Barely glancing up at the menu boards, Jean expertly asked the cashier for a chicken and a breakfast sandwich then instructed me to scope out a table by the back. Between the bathroom and a man talking to the TV, I grabbed us a two-person booth. The larger tables were predominantly occupied by older couples carefully drinking coffee. How could Jean study in this mild havoc? Penn Station has at least reason to its endless writhing. McDonald’s was loud just because. I guess kind of like reading on the subway, it’s easier than it looks. I quickly acclimate to the fervor and we sat down for a little ketchup time.
Our task was expansive: two sandwiches, two drinks, two sides, and a stylish tray to carry it, all coming out to about $18. At my usual brunch spots, that gets you like a single serving of joe, refills not included. We didn’t order any but, Jean swears by McDonald’s coffee. It’s cheap, hot, and pairs nicely with writing.
The champagne was opened as subtly as one can manage with a pop cork. I’m advised to eat my egg sandwich, which was deemed the more “McDonald’s” of the two and thus given to me instead of the chicken, in tandem with the harsh brown. This was valuable advise. I’d had exactly two hash browns in my lifetime and both were with Jean. There’s something delightful about pairing cheap eats, insisting on how one elevates the other, and honestly meaning it. And being right. As far as I was concerned, every bite of egg from that moment on must be followed with fried potato or else be accepted as fundamentally wrong. As I took calculated bites, I could feel a full monologue coming on– I was becoming the kind of person that not only eats at McDonald’s, but also believes that there’s a right way to eat at McDonald’s.
I stopped stuffing my face long enough to survey my sandwich. The egg was industrial scramble folded into a oddly satisfying square. The biscuit was so saturated with butter that it left a thin oil slick on my fingers. The fries– even I know how good those are. Jean’s chicken looked like it was actually cut out of an animal (not that I have a problem with meat that’s been pushing through one of those Play-doh shape-makers.) And everything went great with champagne. Who wouldn’t love this? It has a menu and charm not unlike a diner and it’s just about as all-access as one can get. You can order McDonald’s at pretty much any time; the one Jean and I were in never closes.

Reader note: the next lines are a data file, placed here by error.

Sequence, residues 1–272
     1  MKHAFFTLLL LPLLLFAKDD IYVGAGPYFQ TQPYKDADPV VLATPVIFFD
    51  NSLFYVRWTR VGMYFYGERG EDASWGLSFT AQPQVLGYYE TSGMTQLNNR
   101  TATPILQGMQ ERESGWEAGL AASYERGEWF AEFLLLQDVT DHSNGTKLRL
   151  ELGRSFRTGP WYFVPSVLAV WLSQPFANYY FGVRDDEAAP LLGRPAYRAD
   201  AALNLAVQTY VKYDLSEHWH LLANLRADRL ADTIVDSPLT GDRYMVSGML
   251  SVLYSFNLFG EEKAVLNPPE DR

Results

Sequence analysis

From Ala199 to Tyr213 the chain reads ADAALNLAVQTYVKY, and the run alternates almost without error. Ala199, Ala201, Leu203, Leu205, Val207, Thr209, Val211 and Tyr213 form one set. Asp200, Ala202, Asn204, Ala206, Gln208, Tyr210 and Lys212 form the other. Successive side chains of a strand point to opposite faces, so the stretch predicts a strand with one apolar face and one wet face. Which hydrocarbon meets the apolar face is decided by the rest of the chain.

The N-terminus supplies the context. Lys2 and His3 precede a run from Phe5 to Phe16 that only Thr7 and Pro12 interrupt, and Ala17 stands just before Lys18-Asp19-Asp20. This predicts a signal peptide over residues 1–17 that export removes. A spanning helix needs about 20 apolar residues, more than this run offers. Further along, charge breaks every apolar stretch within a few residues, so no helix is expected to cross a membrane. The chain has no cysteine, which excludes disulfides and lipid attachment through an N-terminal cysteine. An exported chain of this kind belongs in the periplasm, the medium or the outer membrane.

McDonald’s are some of the last true twenty-four hour spaces. They’re a place to eat, collect, do almost anything regardless of the situation or time of day. On the Sunday Jean and I had stumbled in, it was raining. As we work up a healthy buzz, Jean and I brokedown the microcosm that the weather had created in our local McDonald’s. Families, octogenarians, a child with a tricycle. Also, every full-bladdered person in the entire borough. There was an impressive stream of people in and out of the two bathrooms, the sight of which reminded me of all the time I’d found myself cross-legged and desperate, but fortunate enough to come upon a McDonald’s in the knick of time.
The thing about McDonald’s is it’s consistent, it’s everywhere, it’s cheap. And I mean cheap. About a month after our adventure, I bought breakfast on the way to a protest for $2.18. Another time, I grabbed “dinner” for less than a subway ticket. Was it healthy? God no. But this isn’t a documentary about the decay of America. At McDonald’s, the coffee is always hot, the fryer is always on, and your only out of luck if you want ice cream because the machine is probably broken. If we are in a universe of only good and bad things, McDonald’s is a necessary evil. It’s the enlarged heart with clogged arteries of this and other cities and it’s earned a small place in mine.
Zoe Marquedant is a Skittle in a world of M&Ms.